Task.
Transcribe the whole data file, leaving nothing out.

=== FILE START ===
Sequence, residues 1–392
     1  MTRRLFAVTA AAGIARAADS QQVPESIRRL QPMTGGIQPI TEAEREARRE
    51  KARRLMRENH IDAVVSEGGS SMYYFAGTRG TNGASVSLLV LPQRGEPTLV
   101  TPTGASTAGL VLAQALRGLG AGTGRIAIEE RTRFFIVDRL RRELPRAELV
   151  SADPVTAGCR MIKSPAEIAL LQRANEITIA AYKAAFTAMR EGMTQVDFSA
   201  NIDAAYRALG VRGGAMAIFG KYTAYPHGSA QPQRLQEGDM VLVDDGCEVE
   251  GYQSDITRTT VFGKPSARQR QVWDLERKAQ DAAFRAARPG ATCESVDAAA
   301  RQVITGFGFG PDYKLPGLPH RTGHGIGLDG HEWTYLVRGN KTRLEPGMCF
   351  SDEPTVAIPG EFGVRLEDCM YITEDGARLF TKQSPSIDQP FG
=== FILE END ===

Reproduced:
Sequence, residues 1–392
     1  MTRRLFAVTA AAGIARAADS QQVPESIRRL QPMTGGIQPI TEAEREARRE
    51  KARRLMRENH IDAVVSEGGS SMYYFAGTRG TNGASVSLLV LPQRGEPTLV
   101  TPTGASTAGL VLAQALRGLG AGTGRIAIEE RTRFFIVDRL RRELPRAELV
   151  SADPVTAGCR MIKSPAEIAL LQRANEITIA AYKAAFTAMR EGMTQVDFSA
   201  NIDAAYRALG VRGGAMAIFG KYTAYPHGSA QPQRLQEGDM VLVDDGCEVE
   251  GYQSDITRTT VFGKPSARQR QVWDLERKAQ DAAFRAARPG ATCESVDAAA
   301  RQVITGFGFG PDYKLPGLPH RTGHGIGLDG HEWTYLVRGN KTRLEPGMCF
   351  SDEPTVAIPG EFGVRLEDCM YITEDGARLF TKQSPSIDQP FG